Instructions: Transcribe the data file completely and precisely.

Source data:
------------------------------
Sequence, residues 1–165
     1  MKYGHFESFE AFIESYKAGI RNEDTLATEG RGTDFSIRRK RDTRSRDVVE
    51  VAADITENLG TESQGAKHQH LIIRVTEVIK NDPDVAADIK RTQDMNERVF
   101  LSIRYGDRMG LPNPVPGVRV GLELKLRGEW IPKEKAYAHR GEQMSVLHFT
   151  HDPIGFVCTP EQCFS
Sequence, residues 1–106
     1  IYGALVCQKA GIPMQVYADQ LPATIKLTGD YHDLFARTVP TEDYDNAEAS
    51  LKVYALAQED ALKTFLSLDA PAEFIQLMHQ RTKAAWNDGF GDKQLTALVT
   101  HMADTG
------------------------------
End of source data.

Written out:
Sequence, residues 1–165
     1  MKYGHFESFE AFIESYKAGI RNEDTLATEG RGTDFSIRRK RDTRSRDVVE
    51  VAADITENLG TESQGAKHQH LIIRVTEVIK NDPDVAADIK RTQDMNERVF
   101  LSIRYGDRMG LPNPVPGVRV GLELKLRGEW IPKEKAYAHR GEQMSVLHFT
   151  HDPIGFVCTP EQCFS
Sequence, residues 1–106
     1  IYGALVCQKA GIPMQVYADQ LPATIKLTGD YHDLFARTVP TEDYDNAEAS
    51  LKVYALAQED ALKTFLSLDA PAEFIQLMHQ RTKAAWNDGF GDKQLTALVT
   101  HMADTG